Fall Harvest in the Garden!

The community garden has had great success in harvesting its crop this season! Here is a chronicle of the successes of the garden this year:

On Sunday, September 15th, the Sustainable Life Club gathered in order to harvest the first crop from the garden! A group of seven students collaborated on harvesting tomatoes, basil, and peppers from the garden. In total, we gathered 20 pounds of tomatoes, 9 pounds of peppers and a large bunch of basil from this harvest. We

The club collaborates on gathering the harvest!
The club collaborates on gathering the harvest!

decided to donate this produce to the dining hall for them to use in their salad. The dining hall had fresh tomatoes and peppers out the next day, fresh from the garden!

After that, we still had much more to harvest: on Friday October 4th, we gathered three small buckets of black beans, a bunch of onions, kale, peppers, garlic and a bucket of tomatoes from the garden. That Sunday, we met and made dinner: a sauté of garlic, peppers, onions, black beans, and tomatoes. We also made kale chips by slicing the kale into small “chip” pieces and cooking them in the oven. It was delicious! The meal was even better because it all came from the garden: local, real, homegrown food.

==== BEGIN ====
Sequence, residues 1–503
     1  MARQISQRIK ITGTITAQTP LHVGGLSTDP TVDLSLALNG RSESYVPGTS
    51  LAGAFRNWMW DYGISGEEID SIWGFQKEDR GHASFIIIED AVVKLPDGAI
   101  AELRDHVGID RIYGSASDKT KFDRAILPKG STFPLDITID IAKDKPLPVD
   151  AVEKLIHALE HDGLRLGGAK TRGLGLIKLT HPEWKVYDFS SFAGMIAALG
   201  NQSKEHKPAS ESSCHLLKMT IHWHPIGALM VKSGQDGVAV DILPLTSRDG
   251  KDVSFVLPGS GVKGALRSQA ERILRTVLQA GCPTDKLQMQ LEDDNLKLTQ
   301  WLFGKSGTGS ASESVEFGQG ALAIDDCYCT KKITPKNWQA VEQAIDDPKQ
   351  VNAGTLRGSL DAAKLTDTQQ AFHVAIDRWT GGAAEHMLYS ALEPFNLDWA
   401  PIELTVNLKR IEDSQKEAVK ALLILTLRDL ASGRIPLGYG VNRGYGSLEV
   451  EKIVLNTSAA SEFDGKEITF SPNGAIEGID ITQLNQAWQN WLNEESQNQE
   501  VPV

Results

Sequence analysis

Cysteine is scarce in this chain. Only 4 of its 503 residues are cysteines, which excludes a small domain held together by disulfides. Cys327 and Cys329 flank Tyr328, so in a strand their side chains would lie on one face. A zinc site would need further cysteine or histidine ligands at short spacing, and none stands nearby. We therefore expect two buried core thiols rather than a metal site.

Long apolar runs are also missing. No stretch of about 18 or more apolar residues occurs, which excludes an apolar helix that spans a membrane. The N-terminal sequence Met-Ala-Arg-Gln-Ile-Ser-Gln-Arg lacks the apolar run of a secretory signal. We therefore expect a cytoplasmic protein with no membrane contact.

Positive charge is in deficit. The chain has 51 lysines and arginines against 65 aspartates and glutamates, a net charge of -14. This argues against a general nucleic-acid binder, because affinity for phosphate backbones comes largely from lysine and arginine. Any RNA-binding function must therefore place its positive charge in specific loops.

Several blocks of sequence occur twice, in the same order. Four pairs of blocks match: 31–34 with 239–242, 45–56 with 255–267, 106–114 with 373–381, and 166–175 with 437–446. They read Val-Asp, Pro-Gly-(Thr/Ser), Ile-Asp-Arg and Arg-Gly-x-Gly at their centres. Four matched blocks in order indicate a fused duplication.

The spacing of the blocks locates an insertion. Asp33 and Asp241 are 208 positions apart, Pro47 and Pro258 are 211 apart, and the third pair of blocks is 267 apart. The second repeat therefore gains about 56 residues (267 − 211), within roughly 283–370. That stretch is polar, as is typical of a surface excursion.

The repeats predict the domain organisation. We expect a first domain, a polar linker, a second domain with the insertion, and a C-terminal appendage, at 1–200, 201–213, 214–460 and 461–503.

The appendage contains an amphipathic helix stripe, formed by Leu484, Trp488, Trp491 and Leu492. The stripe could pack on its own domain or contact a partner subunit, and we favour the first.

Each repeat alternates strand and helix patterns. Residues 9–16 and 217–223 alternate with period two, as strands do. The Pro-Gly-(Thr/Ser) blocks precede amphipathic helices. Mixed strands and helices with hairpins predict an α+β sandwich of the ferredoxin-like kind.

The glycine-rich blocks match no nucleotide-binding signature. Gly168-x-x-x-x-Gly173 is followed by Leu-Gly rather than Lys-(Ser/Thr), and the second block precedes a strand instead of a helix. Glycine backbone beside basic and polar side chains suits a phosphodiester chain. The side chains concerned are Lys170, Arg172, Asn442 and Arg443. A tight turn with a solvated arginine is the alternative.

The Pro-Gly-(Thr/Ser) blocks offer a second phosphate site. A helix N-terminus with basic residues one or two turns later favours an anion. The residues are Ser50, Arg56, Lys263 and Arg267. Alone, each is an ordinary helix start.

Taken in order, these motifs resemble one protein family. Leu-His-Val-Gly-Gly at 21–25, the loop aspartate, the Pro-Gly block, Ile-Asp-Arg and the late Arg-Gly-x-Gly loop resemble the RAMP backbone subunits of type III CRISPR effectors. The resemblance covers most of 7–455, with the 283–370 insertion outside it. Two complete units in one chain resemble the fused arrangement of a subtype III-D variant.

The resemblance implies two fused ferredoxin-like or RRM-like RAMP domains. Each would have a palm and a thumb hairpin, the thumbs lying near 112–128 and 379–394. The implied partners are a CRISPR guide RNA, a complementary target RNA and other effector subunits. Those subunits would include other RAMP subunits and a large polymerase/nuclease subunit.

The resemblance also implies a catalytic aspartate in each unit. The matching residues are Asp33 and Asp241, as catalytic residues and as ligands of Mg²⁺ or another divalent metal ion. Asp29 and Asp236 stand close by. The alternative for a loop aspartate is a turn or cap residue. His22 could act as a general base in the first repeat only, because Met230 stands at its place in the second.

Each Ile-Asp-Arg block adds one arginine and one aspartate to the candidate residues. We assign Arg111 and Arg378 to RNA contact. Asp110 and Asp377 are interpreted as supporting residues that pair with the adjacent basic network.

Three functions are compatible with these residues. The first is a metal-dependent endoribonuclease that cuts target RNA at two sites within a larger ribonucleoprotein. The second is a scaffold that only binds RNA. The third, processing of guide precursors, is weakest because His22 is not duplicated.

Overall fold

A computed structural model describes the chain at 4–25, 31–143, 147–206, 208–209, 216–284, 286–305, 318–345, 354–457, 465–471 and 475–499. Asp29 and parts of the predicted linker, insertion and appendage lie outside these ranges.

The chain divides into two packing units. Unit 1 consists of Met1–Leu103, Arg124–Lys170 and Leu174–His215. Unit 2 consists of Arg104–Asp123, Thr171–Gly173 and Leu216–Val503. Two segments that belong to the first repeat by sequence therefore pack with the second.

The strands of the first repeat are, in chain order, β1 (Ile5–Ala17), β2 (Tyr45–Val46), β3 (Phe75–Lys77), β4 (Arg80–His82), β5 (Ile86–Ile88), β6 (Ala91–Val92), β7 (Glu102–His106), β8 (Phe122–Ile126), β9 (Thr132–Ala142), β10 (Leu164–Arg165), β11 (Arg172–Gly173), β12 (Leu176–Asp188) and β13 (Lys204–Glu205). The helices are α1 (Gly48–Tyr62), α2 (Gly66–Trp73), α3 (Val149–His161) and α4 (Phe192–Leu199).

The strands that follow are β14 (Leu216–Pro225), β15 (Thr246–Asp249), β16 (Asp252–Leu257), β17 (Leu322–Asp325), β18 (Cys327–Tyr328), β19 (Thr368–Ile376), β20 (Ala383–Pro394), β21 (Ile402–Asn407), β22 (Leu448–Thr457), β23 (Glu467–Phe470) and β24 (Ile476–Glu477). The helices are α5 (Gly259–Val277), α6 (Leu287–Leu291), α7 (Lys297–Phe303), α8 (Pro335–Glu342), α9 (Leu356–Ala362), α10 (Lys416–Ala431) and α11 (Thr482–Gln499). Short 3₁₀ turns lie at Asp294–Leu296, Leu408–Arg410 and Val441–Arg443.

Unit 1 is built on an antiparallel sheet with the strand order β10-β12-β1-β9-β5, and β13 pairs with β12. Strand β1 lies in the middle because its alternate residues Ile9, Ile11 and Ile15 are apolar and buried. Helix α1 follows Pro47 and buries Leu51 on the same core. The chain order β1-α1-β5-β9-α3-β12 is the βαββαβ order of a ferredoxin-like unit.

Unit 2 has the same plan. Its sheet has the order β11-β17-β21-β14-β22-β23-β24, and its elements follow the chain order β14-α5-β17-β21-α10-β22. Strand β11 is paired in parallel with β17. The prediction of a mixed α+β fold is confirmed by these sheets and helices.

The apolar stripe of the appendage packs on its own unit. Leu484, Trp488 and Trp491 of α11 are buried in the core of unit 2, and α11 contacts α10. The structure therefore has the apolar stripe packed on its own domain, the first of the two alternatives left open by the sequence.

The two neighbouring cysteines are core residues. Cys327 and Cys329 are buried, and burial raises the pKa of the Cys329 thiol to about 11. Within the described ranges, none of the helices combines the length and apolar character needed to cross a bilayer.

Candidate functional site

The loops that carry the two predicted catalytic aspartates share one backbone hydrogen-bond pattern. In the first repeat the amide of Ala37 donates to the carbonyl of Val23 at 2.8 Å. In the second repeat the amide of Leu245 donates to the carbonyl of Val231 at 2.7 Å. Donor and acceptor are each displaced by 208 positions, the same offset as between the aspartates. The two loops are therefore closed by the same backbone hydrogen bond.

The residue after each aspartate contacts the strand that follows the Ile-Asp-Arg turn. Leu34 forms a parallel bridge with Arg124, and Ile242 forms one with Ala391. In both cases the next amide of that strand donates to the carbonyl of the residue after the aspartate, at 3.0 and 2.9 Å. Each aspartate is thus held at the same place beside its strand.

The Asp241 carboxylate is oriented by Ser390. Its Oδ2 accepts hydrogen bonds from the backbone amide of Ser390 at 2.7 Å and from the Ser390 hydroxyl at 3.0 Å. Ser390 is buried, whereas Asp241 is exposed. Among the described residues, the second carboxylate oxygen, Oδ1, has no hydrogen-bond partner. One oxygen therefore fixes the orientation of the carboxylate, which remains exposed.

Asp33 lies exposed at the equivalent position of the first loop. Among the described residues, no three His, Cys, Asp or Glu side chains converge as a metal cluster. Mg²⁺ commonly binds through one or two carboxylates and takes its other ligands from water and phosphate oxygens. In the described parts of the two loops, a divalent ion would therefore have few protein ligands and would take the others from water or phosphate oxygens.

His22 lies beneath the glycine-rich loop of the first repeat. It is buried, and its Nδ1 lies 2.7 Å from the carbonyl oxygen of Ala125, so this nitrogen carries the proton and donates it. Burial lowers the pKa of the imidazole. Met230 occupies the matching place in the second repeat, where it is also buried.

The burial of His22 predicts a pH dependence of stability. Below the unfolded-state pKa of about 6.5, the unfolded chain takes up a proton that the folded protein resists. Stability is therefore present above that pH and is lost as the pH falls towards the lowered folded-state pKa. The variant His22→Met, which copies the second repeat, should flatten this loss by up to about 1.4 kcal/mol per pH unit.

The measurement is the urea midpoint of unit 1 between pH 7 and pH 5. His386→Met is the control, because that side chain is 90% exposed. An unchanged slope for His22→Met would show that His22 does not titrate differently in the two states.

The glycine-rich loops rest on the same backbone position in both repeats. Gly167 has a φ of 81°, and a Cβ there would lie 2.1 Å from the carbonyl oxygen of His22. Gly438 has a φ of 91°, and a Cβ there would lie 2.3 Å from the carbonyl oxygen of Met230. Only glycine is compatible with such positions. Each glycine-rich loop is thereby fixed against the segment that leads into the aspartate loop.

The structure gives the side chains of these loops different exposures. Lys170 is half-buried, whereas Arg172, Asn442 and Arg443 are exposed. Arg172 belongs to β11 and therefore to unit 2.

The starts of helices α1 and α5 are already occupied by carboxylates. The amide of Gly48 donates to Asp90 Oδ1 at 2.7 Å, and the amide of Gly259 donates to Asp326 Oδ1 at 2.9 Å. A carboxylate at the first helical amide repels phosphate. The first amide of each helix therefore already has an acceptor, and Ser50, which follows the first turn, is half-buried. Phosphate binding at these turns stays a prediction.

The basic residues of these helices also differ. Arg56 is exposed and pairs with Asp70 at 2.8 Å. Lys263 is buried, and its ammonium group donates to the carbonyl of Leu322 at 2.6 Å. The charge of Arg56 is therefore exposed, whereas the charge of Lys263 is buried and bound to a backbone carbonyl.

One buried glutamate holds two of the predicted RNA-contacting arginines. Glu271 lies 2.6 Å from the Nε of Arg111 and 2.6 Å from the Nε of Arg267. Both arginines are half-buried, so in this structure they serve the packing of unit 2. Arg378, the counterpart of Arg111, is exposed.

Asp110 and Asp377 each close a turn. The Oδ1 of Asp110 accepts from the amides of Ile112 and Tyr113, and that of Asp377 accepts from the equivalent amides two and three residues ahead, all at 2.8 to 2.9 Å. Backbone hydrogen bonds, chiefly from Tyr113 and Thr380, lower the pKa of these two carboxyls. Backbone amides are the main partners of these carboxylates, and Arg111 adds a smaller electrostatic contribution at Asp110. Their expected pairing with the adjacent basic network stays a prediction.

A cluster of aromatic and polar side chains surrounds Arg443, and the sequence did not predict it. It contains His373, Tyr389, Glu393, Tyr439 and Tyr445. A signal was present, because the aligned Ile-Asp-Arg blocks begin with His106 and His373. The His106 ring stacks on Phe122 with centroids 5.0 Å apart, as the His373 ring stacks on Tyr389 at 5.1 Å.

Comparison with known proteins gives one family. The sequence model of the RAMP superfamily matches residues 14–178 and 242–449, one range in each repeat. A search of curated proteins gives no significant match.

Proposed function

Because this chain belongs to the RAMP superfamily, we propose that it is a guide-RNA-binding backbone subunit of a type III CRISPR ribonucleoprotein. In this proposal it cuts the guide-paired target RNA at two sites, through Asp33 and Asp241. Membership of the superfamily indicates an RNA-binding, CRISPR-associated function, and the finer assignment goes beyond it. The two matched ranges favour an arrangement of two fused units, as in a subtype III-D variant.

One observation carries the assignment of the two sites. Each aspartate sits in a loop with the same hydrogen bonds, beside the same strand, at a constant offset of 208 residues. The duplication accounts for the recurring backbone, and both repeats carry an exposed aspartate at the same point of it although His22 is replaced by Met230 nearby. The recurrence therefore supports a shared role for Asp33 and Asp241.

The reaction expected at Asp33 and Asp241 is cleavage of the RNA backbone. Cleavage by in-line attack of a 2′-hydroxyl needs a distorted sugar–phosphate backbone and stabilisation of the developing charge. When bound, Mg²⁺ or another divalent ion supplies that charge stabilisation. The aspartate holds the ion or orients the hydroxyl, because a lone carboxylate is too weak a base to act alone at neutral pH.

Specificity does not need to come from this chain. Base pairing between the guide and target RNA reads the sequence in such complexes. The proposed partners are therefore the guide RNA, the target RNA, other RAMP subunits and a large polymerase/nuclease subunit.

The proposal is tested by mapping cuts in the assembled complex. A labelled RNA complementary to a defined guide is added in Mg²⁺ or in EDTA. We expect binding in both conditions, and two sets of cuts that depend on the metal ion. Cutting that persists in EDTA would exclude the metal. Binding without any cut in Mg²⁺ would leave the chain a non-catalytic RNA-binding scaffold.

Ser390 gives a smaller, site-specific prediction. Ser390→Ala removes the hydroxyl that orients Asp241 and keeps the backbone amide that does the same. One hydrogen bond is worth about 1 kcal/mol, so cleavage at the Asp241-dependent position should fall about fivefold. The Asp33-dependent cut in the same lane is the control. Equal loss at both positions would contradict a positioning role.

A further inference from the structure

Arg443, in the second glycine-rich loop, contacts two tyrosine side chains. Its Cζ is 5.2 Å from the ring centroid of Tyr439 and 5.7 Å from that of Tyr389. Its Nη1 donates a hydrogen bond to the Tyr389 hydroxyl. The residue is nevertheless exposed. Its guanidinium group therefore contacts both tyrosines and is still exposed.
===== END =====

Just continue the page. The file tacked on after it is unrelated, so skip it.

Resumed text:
The club brought some of the harvest to the dining hall!

Our latest harvest was on Friday, October 11th. We picked a bundle of kale, four pumpkins, and picked the remaining tomatoes. We brought over the harvest to the dining hall, where they used it in their meal for the next day. The pumpkins are put on display under the televisions in the front of the dining hall.

Last Saturday, October 19th, we covered two of our four garden beds, allowing the soil to rest for the winter. We pulled all the tomato, basil, and pepper plants out and spread a layer of compost over the beds. The compost helps rejuvenate the nutrients in the soil, making more fruitful harvests in the following years. After that, we laid out a thin coating of hay on the beds in order to keep the garden looking clean and weed-free before we begin planting in the spring. The hay also helps prevent erosion and creates an even healthier habitat for worms to dig around and make the soil even more fertile!

Students harvest black beans from the garden!
Students harvest black beans from the garden!

Gardening is just one way that Williston is becoming more sustainable. By gardening, the club hopes to teach the importance of living sustainably, eating local food, knowing where food comes from, and how it is made. We also hope to create and develop students’ strong bond with nature through the enjoyment of gardening.

If you wish to join us in the garden as we make our final preparations for winter, stop by the garden on Friday afternoons during activities!

Leave a Reply

Your email address will not be published. Required fields are marked *